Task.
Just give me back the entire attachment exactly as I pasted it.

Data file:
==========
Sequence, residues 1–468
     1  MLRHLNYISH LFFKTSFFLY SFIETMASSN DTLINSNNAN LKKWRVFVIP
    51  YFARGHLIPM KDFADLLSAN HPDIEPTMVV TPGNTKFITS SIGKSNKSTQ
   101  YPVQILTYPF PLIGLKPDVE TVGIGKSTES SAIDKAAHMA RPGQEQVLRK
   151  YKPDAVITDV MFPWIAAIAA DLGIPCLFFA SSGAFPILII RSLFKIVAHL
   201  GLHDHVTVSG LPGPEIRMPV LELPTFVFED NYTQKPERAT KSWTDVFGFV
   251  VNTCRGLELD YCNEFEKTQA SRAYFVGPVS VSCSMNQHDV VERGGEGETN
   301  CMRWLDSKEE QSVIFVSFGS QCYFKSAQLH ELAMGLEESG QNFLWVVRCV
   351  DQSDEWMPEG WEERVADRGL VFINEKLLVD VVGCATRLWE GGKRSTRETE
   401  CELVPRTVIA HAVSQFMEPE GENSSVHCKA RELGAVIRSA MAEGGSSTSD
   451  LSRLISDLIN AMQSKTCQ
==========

Sequence, residues 1–468
     1  MLRHLNYISH LFFKTSFFLY SFIETMASSN DTLINSNNAN LKKWRVFVIP
    51  YFARGHLIPM KDFADLLSAN HPDIEPTMVV TPGNTKFITS SIGKSNKSTQ
   101  YPVQILTYPF PLIGLKPDVE TVGIGKSTES SAIDKAAHMA RPGQEQVLRK
   151  YKPDAVITDV MFPWIAAIAA DLGIPCLFFA SSGAFPILII RSLFKIVAHL
   201  GLHDHVTVSG LPGPEIRMPV LELPTFVFED NYTQKPERAT KSWTDVFGFV
   251  VNTCRGLELD YCNEFEKTQA SRAYFVGPVS VSCSMNQHDV VERGGEGETN
   301  CMRWLDSKEE QSVIFVSFGS QCYFKSAQLH ELAMGLEESG QNFLWVVRCV
   351  DQSDEWMPEG WEERVADRGL VFINEKLLVD VVGCATRLWE GGKRSTRETE
   401  CELVPRTVIA HAVSQFMEPE GENSSVHCKA RELGAVIRSA MAEGGSSTSD
   451  LSRLISDLIN AMQSKTCQ